Our weekly wrap-up of antimicrobial stewardship & antimicrobial resistance scans
High levels of antibiotic-resistant urinary bacteria found in German men
Originally published by CIDRAP News Jul 28
An analysis of urine specimens from male patients in Germany found high levels of antibiotic resistance in the most frequent causes of urinary tract infections (UTIs), researchers reported today in Eurosurveillance.
The retrospective observational study analyzed routinely collected urine specimens from 102,736 adult men treated at outpatient practices across Germany from 2015 through 2020. Researchers focused on the distribution of bacteria and the resistance of the three most common bacteria to frequently used oral antibiotics for UTIs. A secondary aim was to identify risk factors for the occurrence UTIs caused by antibiotic-resistant Escherichia coli.
The three most frequent bacteria were E coli (38.4%), Enterococcus faecalis (16.5%), and Proteus mirabilis (9.3%). While E coli resistance to first-line, recommended antibiotics for uncomplicated UTIs (fosfomycin and nitrofurantoin) was low, resistance to amoxicillin (45.7%), TMP (26.6%), and ciprofloxacin (19.8%) was common, and multidrug resistance was high (22.9%). Resistance of E faecalis to ciproflxacin was also high (29.3%), as was P mirabilis resistance to TMP (41.3%) and ciprofloxacin (16.6%). Resistance to TMP and ciprofloxacin was significantly higher among bacteria derived from recurrent UTIs.
Multivariable logistic regression identified age (90 years or older) and recurrent UTI as independent risk factors for E coli UTIs with resistance to TMP and ciprofloxacin.
The study authors say the findings suggest urine culture should always be performed before therapy in men with suspected UTIs, and that the use of TMP and ciprofloxacin should be limited.
Jul 28 Eurosurveill study
New candidemia treatment could be on the horizon
Originally published by CIDRAP News Jul 28
San Diego-based biotechnology company Cidara Therapeutics announced yesterday that it has submitted a New Drug Application (NDA) to the US Food and Drug Administration (FDA) for its novel antifungal candidate rezafungin.
The company submitted the NDA for rezafungin—an echinocandin antifungal—for the treatment of candidemia and invasive candidiasis based on positive results from the phase 3 ReSTORE and phase 2 STRIVE trial. In both trials, a once-weekly dose of rezafungin demonstrated statistical non-inferiority to once-daily caspafungin, meeting the primary endpoints for the FDA and the European Medicines Agency.
The FDA has granted rezafungin Qualified Infectious Disease Product designation, which confers priority review of the NDA. If the NDA is accepted, Cidara expects an FDA decision on approval of the drug could come in early 2023. No new therapies for candidemia and invasive candidiasis, which are caused by a yeast called Candida and are associated with high rates of morbidity and mortality, have been approved by the FDA in over a decade.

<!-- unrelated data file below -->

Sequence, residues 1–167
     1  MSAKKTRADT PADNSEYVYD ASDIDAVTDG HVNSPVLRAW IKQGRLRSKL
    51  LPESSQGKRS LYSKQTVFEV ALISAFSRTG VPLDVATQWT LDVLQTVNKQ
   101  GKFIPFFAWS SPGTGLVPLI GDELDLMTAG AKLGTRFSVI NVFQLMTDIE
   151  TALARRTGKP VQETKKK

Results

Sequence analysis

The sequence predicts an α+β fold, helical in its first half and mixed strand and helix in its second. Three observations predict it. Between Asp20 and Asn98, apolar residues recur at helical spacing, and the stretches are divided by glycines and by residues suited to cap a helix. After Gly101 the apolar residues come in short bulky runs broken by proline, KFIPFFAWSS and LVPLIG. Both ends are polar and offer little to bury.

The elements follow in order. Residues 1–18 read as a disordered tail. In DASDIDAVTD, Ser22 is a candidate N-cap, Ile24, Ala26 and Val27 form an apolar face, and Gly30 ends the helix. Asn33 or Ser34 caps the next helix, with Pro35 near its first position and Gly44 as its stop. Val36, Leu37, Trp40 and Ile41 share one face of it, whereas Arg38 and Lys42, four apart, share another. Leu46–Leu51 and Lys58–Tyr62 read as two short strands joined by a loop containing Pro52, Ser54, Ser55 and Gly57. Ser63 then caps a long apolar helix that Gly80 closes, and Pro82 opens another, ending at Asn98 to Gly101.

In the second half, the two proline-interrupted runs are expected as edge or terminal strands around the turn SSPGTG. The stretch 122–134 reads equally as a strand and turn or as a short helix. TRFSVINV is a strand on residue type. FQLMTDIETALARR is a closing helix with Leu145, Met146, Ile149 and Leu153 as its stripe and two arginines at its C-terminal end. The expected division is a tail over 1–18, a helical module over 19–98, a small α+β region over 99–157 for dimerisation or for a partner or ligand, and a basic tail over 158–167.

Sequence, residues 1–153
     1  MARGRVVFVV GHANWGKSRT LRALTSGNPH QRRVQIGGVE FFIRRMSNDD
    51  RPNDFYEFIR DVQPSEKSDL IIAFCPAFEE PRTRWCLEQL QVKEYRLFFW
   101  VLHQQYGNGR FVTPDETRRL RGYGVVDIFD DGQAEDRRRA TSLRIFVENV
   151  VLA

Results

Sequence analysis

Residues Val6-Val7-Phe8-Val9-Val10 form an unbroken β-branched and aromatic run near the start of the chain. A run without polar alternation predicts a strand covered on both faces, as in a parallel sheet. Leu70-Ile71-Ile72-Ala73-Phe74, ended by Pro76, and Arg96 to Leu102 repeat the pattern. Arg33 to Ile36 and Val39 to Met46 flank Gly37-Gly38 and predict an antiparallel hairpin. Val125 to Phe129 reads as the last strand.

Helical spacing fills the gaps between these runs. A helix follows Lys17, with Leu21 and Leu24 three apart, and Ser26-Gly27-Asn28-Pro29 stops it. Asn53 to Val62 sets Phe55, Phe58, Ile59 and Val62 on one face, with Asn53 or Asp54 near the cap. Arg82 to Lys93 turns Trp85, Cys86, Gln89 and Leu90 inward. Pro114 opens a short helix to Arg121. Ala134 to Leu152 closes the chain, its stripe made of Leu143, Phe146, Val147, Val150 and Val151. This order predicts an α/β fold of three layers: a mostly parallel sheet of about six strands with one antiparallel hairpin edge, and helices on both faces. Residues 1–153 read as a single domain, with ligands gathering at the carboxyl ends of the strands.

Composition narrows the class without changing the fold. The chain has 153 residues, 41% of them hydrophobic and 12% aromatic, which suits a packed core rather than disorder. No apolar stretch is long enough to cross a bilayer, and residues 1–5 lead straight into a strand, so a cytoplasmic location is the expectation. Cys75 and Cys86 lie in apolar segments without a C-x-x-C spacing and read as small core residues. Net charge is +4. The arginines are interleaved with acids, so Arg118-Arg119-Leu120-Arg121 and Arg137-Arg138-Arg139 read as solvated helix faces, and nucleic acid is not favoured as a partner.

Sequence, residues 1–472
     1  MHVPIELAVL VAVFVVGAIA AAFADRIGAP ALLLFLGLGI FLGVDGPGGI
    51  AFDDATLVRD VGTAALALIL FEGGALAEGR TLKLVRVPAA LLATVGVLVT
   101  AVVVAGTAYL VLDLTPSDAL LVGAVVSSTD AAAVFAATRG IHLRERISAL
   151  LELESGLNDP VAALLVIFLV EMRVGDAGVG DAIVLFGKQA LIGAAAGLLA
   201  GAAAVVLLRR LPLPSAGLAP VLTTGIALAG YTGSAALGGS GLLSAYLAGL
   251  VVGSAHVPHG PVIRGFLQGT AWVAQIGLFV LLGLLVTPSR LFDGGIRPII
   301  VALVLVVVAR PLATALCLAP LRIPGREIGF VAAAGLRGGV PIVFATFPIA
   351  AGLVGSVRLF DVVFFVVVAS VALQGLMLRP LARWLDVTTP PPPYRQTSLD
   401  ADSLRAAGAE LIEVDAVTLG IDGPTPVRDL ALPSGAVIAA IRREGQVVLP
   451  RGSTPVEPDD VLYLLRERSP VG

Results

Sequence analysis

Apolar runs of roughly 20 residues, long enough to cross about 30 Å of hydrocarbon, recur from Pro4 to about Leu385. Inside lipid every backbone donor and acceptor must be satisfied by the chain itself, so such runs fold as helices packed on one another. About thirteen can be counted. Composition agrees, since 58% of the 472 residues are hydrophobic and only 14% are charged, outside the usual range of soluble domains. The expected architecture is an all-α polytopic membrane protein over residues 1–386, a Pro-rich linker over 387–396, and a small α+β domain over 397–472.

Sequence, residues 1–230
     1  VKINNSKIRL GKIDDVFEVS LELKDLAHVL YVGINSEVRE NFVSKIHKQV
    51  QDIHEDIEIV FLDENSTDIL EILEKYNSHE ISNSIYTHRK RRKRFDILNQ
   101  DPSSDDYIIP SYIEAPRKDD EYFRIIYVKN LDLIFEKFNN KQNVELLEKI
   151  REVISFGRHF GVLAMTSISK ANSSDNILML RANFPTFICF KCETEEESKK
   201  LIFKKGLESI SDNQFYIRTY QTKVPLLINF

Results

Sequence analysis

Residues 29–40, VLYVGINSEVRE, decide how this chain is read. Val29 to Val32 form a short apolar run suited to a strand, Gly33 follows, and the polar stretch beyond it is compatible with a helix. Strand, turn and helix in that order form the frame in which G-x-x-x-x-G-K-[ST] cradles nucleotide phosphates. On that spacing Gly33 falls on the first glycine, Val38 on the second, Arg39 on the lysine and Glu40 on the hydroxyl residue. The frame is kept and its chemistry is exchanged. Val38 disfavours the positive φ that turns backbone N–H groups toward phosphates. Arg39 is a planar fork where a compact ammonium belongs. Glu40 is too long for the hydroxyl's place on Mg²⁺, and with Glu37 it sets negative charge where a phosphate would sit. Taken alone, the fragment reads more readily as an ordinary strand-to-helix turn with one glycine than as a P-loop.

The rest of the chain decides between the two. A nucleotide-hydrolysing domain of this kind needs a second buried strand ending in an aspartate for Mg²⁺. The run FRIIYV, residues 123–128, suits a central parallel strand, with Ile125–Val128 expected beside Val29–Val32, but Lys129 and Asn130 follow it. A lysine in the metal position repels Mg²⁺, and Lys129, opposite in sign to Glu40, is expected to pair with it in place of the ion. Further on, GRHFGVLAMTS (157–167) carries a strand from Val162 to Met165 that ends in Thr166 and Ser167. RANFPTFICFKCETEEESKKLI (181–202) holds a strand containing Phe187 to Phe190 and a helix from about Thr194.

“If approved, rezafungin would represent an important new treatment option for patients at risk of these potentially deadly diseases," Cidara President and CEO Jeffrey Stein, PhD, said in a company press release.
Cidara also announced that it has entered into a license agreement with Melinta Therapeutics, of Morristown, New Jersey, under which Melinta will acquire an exclusive license to commercialize rezafungin in the United States.
Jul 27 Cidara Therapeutics press release
Study: Very short antibiotic course effective in pneumonia patients with normal oxygen levels
Originally published by CIDRAP News Jul 27
A study of patients hospitalized with pneumonia found that among those with normal oxygenation levels, an ultra-short course of antibiotics appeared to be as safe and effective as the standard course, researchers reported today in Clinical Infectious Diseases.
In the study, a team led by researchers from Harvard Medical School conducted a retrospective analysis of patients treated with antibiotics for possible pneumonia at four hospitals in Massachusetts from May 2017 through February 2021. They focused on a subset of patients with oxygen saturation levels of 95% or higher, which is associated with a lower probability of true infection, then compared those treated with a very short course of antibiotics (1 to 2 days) with those who received a standard course (5 to 8 days). The primary outcomes were hospital mortality and time-to-discharge. Secondary outcomes included readmissions, 30-day mortality, Clostridioides difficile infections, 30-day hospital-free days, and antibiotic-free days.
Among 39,752 patients treated for possible pneumonia, 10,012 had median oxygen saturation levels of 95% or higher without supplemental oxygen. Of these patients, 2,239 who received 1 to 2 days of antibiotics were propensity matched to 2,239 who received 5 to 8 days. There were no statistically significant differences in hospital mortality between the two groups (2.1% for short course vs 2.8% for standard course; subdistribution hazard ratio [SHR], 0.75; 95% confidence interval [CI], 0.51 to 1.09), but patients treated with 1 to 2 days of antibiotics were discharged sooner (6.1 days vs 6.6 days; SHR, 1.13; 95% CI, 1.07 to 1.19) and had more 30-day hospital-free days (23.1 vs 22.7; mean difference, 0.44; 95% CI, 0.09 to 0.78).
There were no significant differences in 30-day readmissions (16.0% vs 15.8%; odds ratio [OR], 1.01; 95% CI, 0.86 to 1.19), 30-day mortality (4.6% vs 5.1%; OR, 0.91; 95% CI, 0.69 to 1.19), or 90-day C difficile infections (1.3% vs 0.8%; OR, 1.67; 95% CI, 0.94 to